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Cushing's Disease (Hyperadrenocorticism)

Background:Cushing's disease is actually an assortment of symptoms caused by excessive levels of cortisol or related steroids in the body.  Cortisol is a stress hormone that has effects on virtually every tissue and organ in the body.

There are three main forms of Cushing's disease.  Pituitary Dependent Cushing's is caused by a tumor (usually small and benign) of the pituitary gland in the brain overstimulating the adrenal glands.  Adrenal tumors can be benign or malignant and produce cortisol independent of pituitary stimulation.  Iatrogenic Cushing's is caused by over medicating with cortisol-like drugs such as prednisone and numerous types of eye, ear, and topical skin medications.

Symptoms:The earliest and most common symptoms of Cushing's disease are increased urination and water consumption, often with a concurrent increase in appetite.  Other possible signs include poor skin and hair condition, muscle atrophy, increased abdominal fat, enlarged liver, chronic or recurrent infections (especially skin or urinary), delayed wound healing, excessive panting, sodium retention (which can cause high blood pressure or exacerbate congestive heart failure, and occasionally diabetes.  Some dogs show no symptoms.

Diagnosis:Suspicion of Cushing's disease usually begins with a history of excessive water consumption and urination with or without other symptoms.  Other cases may begin with laboratory abnormalities found while investigating other problems or with presurgical or routine screening tests.  Abnormalities that are commonly seen in Cushing's patients are:  Elevated liver enzymes (Alk Phos, +/-ALT), +/- increased blood glucose, unconcentrated urine (specific gravity less that 1.025), protein in urine, Alterations in blood cell counts (increased neutrophils, decreased lymphocytes and eosinophils), and +/- nucleated red blood cells.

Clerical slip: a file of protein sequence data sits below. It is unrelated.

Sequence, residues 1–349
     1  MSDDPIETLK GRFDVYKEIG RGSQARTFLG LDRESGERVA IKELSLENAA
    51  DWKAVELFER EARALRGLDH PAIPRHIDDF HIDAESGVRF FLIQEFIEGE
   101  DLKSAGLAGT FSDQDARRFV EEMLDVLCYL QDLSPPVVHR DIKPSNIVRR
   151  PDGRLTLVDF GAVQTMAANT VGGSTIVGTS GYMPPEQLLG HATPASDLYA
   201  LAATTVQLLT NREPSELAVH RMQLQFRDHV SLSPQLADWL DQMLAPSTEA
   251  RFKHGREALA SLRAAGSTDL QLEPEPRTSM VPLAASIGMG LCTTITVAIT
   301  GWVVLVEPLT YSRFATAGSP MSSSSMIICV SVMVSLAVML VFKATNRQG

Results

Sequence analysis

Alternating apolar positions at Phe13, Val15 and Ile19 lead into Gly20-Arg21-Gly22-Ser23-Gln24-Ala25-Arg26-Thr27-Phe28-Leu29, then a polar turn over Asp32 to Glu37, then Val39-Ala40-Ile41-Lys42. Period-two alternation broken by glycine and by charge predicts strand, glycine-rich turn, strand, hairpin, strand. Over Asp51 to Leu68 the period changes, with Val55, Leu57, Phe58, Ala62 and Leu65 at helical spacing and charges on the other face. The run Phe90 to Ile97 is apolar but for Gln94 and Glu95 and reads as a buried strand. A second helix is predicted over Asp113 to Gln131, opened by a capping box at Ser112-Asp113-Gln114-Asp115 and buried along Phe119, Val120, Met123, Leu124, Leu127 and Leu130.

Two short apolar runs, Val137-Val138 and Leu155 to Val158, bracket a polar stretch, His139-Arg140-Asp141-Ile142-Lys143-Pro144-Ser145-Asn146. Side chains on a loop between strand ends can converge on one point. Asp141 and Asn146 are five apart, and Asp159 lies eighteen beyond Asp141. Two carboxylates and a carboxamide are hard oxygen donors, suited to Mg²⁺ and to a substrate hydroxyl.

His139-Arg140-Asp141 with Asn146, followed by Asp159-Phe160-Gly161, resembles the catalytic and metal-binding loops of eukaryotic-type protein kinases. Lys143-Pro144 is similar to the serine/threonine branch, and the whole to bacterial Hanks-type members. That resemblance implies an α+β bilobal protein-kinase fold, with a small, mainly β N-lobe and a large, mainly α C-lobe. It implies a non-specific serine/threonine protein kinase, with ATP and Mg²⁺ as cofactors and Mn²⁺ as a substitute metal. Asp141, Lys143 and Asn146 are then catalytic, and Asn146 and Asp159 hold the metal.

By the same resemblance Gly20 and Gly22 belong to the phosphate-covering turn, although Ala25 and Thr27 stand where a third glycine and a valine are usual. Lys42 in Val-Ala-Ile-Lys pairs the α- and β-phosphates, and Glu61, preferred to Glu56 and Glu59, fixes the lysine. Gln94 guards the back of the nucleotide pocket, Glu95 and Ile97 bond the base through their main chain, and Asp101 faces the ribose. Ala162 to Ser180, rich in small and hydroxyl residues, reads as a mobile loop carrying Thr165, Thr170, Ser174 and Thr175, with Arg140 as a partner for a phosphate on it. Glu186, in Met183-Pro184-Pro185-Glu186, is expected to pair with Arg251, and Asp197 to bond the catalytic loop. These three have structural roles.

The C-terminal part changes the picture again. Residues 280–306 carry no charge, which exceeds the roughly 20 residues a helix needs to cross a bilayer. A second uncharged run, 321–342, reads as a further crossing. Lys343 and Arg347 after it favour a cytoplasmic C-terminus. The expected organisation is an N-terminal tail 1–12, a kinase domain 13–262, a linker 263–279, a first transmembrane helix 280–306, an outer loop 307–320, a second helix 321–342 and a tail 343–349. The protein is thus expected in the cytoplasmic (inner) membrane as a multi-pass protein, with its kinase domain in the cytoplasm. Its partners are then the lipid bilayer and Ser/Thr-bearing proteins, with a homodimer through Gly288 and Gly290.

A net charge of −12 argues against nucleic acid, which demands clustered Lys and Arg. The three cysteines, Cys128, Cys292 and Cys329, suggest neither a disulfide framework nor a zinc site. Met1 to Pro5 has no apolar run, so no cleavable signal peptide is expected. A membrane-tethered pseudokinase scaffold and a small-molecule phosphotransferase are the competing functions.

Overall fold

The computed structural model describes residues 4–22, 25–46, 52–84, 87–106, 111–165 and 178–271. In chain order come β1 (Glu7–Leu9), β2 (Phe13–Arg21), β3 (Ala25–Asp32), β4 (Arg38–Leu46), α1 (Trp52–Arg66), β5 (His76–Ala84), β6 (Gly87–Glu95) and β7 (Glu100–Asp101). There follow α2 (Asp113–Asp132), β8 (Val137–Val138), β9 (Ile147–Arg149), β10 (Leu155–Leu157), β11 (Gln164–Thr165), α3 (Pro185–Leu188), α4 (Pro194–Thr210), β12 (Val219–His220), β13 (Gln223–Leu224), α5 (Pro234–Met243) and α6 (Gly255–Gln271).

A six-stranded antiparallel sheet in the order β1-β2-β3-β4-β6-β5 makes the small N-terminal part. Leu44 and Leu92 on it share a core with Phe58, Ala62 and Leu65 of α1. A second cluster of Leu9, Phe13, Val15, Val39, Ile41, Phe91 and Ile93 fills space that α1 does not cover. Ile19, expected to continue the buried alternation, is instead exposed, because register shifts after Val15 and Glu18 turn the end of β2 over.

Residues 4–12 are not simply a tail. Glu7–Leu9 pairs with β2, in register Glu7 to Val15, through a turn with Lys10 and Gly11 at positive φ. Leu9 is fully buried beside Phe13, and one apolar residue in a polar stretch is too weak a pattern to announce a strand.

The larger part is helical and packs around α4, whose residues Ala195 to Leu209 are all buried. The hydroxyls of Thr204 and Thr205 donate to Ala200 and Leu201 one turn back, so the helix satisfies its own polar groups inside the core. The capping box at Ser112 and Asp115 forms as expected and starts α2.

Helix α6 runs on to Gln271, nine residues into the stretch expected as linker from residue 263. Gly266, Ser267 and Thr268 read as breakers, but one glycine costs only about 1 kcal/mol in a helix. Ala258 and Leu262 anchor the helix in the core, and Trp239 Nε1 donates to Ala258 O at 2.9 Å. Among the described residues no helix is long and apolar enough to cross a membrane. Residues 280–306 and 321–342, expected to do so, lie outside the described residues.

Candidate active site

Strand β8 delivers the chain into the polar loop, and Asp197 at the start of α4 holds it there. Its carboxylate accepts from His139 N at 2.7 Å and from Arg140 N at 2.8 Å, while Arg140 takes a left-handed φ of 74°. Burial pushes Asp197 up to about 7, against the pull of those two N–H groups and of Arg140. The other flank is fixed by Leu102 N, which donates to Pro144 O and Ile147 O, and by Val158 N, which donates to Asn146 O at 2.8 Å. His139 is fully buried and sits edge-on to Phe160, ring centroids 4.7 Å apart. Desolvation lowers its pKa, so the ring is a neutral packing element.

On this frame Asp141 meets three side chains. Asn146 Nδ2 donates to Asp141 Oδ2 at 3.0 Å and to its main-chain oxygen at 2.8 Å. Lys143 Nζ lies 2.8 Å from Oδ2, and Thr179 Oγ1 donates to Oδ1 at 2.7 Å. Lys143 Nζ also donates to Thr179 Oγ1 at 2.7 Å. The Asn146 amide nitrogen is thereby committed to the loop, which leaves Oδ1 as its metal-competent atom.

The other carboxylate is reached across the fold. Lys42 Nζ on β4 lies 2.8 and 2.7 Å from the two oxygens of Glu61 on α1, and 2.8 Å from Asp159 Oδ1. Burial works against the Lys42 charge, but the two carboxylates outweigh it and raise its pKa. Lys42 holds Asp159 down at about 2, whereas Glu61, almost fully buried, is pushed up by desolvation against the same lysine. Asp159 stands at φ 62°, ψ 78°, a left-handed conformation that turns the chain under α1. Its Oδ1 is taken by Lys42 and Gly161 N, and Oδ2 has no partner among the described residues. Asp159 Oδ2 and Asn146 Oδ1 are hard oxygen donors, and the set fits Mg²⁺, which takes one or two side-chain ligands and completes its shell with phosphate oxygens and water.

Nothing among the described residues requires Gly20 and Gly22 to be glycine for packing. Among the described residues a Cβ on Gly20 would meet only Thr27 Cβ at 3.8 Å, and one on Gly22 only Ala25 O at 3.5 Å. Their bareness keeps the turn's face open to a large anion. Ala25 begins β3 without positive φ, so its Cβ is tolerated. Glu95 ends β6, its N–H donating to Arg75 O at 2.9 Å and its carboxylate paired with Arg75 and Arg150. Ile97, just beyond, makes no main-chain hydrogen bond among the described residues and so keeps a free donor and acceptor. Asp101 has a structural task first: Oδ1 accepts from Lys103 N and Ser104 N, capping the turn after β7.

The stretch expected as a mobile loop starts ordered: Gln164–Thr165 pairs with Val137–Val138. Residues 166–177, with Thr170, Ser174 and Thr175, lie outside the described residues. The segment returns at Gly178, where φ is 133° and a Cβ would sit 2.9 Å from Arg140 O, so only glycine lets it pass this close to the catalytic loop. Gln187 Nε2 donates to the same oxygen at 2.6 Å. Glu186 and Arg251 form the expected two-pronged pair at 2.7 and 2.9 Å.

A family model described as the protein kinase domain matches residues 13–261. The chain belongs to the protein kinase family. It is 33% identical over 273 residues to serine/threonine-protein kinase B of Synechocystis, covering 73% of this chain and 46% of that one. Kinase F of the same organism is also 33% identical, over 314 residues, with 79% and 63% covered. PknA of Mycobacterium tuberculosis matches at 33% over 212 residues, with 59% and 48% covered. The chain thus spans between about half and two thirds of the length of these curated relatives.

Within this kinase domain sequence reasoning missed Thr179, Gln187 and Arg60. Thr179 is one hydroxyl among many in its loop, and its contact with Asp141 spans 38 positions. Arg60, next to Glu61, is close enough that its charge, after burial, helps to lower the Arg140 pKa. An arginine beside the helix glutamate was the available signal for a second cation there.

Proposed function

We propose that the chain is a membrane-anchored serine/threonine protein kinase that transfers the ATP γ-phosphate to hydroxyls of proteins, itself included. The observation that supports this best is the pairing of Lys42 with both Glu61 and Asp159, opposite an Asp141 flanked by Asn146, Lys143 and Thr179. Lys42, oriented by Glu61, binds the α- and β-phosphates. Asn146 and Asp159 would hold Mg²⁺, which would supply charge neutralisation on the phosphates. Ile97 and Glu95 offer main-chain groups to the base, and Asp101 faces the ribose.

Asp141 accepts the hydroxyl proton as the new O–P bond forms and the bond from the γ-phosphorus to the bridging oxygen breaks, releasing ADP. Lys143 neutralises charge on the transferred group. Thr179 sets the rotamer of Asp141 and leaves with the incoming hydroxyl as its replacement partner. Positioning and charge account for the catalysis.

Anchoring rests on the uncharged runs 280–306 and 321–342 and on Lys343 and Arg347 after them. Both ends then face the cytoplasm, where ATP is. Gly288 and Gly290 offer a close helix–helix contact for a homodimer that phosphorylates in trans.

If Cushing's disease seems likely, one or more specific tests are done to confirm or rule out, and to distinguish between the three types described above.  These tests are:  Low Dose Dexamethasone Suppression, High Dose Dexamethasone Suppression, ACTH stimulation, endogenous ACTH,  Abdominal/adrenal gland ultrasound, and extended panel ACTH stimulation.

If symptoms are absent or mild, no treatment may be necessary.  However, establishing a diagnosis makes management of other problems (infections, surgical or other wounds) more effective.  If symptoms or recurrent infections are present, treatment is based on the specific type of Cushing's disease diagnosed. 
Iatrogenic Cushing's is treated by gradually reducing or eliminating the source of excess corticosteroid medications and using alternate treatments in their stead.
Pituitary Cushing's is treated with medications.  Mitotane (Lysodren) is used to destroy the adrenal tissue producing the excess cortisol.  This is generally very effective but must be monitored closely to avoid over-treatment, which can have serious side effects.  A new treatment that may soon be available is Trilostane, which may be associated with less risk of side effects.
Adrenal tumors are generally best removed surgically.  If this is not feasible for any reason, suppression of the tumor with Lysodren is sometimes effective.  A new approach is to use Lysodren at very high doses to totally destroy the adrenal tissue, leaving the patient permanently adrenal-insufficient and  requiring regular supplementation of cortisol and other adrenal hormones.  Though few patients have been treated in this manner, it appears to be well tolerated and as good a long term outlook as other (surgical) treatments.

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